• A good way to start getting the feeling of being paid and how freelancing feels like.
  • If someone isn’t sure if you are the person for the project, offering a small project to try things out can also help.

Cons

  • Attracts mostly bad clients.
  • Create a psychology barrier for you to increase your rate later on your career.

When should you price your work lowly?

  • You are just starting and you are worried you cannot deliver the value expected.
  • You have no idea if freelancing is your thing and you don’t want to owe people a massive amount of money if you fail to complete the projects.

When should you not price your work lowly?

  • You’ve been at it for awhile and you have a steady amount of clients – learn to increase your rate here.
  • You are actually confident that your work is better than the same people that charge far higher.
  • You are getting way too many low quality clients.

Why Charge a Higher Rate?

“Premium prices mean premium clients.”

This is where every freelancer’s ultimate dream is.

One big fat paycheck for one quality project.

The funniest thing is that good quality clients want that to be true too. After all, if you aren’t distracted on other projects, you are putting your best in their work. And they would pay premium for that sort of attention and care.

 

So sometimes when you are not getting customers or you noticed that potential clients seem to walk away as soon as you named your price…  maybe increasing your rates is actually the solution.

That certainly happened to me. When I charged a modest $25/hour rate for my art commissions, I got 0  sales. It was only when I took an almost reckless and desperate attempt of raising my price to $60/hour that I actually started getting clients.

Same service. Same market.

Different price created different results.

That’s why researching your pricing is important. Your market might actually have price expectations. When something matters to your clients, the last thing they actually want is a cheap service, because people don’t usually think highly on cheap services. They also don’t trust cheap services.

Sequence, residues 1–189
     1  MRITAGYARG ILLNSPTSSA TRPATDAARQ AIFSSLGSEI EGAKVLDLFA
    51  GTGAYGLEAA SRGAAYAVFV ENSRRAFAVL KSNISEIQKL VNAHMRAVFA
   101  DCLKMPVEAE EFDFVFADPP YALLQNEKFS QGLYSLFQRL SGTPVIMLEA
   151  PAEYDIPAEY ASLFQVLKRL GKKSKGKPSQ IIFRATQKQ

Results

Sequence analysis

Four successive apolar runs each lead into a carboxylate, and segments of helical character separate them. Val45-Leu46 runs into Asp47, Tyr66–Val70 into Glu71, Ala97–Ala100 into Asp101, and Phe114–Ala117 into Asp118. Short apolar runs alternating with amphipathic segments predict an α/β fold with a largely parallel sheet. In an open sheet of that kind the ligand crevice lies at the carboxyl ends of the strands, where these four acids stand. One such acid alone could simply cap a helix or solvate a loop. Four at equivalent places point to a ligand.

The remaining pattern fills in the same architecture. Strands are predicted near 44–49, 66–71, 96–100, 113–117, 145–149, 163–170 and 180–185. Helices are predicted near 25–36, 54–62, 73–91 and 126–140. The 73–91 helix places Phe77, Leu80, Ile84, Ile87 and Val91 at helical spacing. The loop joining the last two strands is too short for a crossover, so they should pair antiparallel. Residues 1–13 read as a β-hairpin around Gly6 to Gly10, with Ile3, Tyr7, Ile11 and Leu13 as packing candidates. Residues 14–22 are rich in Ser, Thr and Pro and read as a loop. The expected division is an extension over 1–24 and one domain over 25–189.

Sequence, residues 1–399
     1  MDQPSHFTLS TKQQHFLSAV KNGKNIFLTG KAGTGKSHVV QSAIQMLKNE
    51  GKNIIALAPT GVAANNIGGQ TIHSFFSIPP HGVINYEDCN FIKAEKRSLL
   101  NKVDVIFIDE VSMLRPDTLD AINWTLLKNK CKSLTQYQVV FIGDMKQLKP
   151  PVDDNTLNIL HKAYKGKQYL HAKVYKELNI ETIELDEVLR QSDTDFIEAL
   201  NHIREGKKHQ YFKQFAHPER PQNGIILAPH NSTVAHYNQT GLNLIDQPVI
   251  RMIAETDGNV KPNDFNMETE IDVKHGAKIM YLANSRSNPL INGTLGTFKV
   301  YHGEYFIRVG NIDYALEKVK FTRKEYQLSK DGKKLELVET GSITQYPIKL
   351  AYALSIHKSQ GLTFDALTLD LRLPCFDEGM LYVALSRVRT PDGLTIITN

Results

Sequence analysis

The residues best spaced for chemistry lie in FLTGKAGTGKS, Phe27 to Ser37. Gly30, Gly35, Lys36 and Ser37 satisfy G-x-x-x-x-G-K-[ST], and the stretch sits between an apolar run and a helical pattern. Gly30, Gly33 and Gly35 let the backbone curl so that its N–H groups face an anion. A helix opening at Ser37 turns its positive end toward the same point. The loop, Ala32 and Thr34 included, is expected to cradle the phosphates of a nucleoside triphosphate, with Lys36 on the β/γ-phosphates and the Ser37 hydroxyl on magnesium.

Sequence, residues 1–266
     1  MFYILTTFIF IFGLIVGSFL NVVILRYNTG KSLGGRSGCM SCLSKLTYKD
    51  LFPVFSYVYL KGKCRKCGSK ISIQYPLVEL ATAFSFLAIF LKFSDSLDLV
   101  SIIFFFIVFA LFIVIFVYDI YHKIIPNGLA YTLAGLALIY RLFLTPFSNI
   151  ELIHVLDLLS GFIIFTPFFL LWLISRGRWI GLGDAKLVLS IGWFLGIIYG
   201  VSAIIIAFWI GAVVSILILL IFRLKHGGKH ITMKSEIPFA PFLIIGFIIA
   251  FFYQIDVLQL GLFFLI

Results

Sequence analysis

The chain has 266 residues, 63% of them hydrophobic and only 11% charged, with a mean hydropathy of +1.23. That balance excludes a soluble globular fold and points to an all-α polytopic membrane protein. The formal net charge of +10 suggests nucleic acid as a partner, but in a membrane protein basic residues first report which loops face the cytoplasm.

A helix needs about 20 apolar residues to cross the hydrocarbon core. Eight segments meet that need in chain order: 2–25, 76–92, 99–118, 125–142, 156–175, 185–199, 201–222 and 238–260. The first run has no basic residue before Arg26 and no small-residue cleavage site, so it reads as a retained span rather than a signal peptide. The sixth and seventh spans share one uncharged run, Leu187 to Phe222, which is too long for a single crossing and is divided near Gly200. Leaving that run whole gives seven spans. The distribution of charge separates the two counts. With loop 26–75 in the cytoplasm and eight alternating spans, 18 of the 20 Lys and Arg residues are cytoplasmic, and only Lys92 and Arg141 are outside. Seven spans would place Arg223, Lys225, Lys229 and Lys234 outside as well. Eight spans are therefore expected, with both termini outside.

And you can capitalize on that.

 Pros

  • Usually gets the best quality clients.
  • You can focus on delivering better work instead of spending time and energy in outreach.
  • Clients usually have more confidence in your work if they are convinced to pay you a higher rate.

Cons

When should you price your work highly?

When should you not price your work highly?

  • You don’t actually have the technical skills to back it up.
  • You aren’t actually sure if you can deliver the results.
  • You have no idea if freelancing is your thing.

In the end, when you are deciding what’s the best rate for you, I say choose something you are comfortable with. That’s the most important part. A number you truly feel represents your work.

A number that you aren’t ashamed to say to your potential clients.

Because there’s always ways to fix your rates later. Reputations aren’t set in stone either. What is hot news today isn’t going to be hot news tomorrow. There’s also no rule or actual expectations out there that say you have to stay with the first rate you choose.

I had to fixed my rate when I first started. And I had to increase my rate later when I had a steady client base as well.

Was it awkward? Yes. Was it nerve-wrecking? Oh hell yes.

But it always did work out rather well.

Still confused and still tearing your hair out about what pricing your art is worth? I understand that it can feel very life and death and no “just set a price and try” advice can sway you from it.

I encourage you to send me an email. I might not be able to tell you the exact pricing, but I can definitely help you in figuring out how you can find the right answer.

As usual, if you know a freelancer or an artist ripping their hair out because of PRICING. Help them out, send them this article.